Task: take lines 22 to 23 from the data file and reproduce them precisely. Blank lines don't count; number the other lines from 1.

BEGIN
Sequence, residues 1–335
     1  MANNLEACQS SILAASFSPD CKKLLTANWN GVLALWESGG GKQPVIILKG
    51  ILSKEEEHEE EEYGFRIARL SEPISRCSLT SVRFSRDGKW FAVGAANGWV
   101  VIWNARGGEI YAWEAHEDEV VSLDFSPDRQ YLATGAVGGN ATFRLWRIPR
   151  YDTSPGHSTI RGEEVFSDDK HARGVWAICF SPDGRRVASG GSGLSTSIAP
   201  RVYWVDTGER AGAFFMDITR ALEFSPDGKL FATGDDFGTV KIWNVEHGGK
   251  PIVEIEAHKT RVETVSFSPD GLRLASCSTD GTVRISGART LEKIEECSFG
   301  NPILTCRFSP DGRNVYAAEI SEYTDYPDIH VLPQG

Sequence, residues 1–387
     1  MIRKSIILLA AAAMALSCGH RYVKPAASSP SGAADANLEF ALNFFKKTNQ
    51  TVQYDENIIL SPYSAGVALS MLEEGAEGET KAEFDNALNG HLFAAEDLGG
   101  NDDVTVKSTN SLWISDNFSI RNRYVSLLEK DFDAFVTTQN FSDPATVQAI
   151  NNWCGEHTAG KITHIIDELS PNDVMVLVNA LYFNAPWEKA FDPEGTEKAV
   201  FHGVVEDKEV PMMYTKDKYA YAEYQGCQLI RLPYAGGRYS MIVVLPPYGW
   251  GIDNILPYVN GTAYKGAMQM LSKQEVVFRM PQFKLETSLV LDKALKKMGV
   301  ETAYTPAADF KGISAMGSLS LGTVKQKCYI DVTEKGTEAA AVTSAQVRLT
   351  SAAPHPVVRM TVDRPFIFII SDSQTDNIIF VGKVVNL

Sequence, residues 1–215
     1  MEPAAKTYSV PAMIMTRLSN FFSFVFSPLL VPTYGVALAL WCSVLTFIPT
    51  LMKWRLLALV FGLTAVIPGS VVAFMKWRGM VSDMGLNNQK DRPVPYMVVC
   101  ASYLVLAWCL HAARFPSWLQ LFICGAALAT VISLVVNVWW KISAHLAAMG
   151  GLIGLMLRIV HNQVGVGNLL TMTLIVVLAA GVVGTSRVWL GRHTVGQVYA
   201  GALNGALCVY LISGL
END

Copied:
   151  GLIGLMLRIV HNQVGVGNLL TMTLIVVLAA GVVGTSRVWL GRHTVGQVYA
   201  GALNGALCVY LISGL